Get your fish ready for wither with Pond Logic® Spring and Fall Fish Food!

Can I water garden indoors for the winter? – Decorative Water Gardens Q & A

Can I water garden indoors for the winter?

Can I water garden indoors for the winter?
Tony – Chicago, IL

Your pond can be an outlet to be creative, a way to relax and a nice break from your day to day routine. Your life doesn’t take a break just because the weather cools down so why should your pond? Our blog on Bringing Your Fish and Plants Indoors may be the catalyst you need to start your first ever indoor pond. So what should you bring indoors with your plants and fish and what else can you do with your pond to beat the winter blues?

Some types of water features are easier to implement indoors than others. Water features like container type fountains or pot style water features can easily be carried inside and used to foster your plants and fish over the winter. Larger pre-formed ponds or rubber liner based ponds are more permanent but can be duplicated indoors using a plastic-preformed pond liner or large Rubbermaid tanks. If your outdoor water feature is over 18” deep and doesn’t freeze solid you can leave the bulk of your fish and plants outdoors to over winter and bring just a few inside to create an indoor feature that is sized to fit your home.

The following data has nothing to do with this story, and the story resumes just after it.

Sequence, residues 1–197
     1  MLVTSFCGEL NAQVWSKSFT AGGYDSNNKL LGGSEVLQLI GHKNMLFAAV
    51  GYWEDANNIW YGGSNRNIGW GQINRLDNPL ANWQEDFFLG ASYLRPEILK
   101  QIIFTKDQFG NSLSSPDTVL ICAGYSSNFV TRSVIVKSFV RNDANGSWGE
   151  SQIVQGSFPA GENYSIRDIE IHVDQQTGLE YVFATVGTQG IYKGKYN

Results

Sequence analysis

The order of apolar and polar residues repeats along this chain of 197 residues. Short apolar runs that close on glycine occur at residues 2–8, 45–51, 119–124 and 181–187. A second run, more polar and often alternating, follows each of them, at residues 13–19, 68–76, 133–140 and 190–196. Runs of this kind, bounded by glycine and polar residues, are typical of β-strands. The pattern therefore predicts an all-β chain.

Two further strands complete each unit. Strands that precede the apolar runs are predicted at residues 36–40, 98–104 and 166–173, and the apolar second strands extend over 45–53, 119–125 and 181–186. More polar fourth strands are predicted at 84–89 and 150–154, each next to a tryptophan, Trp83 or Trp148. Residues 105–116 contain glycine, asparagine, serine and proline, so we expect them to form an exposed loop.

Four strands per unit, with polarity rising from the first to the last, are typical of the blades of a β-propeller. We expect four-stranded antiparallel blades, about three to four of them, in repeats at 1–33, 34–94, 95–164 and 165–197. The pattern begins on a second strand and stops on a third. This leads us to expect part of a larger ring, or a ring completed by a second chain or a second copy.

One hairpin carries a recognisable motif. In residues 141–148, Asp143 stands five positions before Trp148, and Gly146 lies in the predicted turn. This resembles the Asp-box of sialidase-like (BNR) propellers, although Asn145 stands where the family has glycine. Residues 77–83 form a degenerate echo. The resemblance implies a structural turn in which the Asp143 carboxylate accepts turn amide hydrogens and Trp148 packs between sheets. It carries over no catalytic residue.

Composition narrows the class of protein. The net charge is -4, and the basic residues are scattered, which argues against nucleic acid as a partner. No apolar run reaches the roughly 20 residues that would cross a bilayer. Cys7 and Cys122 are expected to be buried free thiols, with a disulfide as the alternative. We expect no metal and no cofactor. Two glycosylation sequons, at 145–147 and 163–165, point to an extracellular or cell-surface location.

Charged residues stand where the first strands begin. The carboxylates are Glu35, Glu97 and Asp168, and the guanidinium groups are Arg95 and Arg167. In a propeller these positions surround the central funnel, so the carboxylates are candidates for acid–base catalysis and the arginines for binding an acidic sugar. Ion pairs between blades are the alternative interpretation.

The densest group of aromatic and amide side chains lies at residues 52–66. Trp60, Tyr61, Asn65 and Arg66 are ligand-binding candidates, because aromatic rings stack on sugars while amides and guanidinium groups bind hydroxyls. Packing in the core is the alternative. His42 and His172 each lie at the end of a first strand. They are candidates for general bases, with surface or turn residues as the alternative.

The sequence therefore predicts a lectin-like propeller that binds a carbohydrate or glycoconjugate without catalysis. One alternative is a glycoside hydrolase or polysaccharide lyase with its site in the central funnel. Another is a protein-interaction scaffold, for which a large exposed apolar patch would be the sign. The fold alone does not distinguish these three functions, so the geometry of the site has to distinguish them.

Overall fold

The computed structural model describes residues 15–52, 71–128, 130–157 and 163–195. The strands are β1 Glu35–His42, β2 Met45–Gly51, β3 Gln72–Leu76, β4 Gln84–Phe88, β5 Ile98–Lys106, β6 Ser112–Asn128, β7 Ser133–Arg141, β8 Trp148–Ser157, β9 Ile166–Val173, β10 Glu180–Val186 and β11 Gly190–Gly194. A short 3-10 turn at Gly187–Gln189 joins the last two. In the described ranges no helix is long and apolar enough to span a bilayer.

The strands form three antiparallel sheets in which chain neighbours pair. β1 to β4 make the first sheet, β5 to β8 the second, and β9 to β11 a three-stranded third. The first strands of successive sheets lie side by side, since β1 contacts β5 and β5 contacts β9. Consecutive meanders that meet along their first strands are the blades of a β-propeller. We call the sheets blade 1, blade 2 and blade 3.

Use your ponds Outdoor Décor to compliment your indoor feature. Not only can you accent your indoor water feature with existing outdoor statues and ornaments but you will also be protecting them from harsh winter elements keeping them safe and intact for use next season.

Also, use this opportunity to experiment, learn and grow as a pond owner. Don’t be afraid to try new designs, plants and products to achieve the exact look and feel you want from your water feature. There is a wealth of knowledge available to you in both Pond Books and Blogs that can help you on your journey for the perfect pond. Furthermore, now is the time to take inventory of your consumable products such as Filter Media Pad, Bacteria and Fish Food. Inspect materials for signs of wear and replace them as necessary and make sure you have the products you need on hand for your spring start up. Take the time now to prepare for spring and make your water feature start up a breeze.

Pond Talk: Have you created an indoor water feature? What type did you build? What challenges did you encounter?

Get inspiration for your water garden from Water Gardening for Hobbyists Book!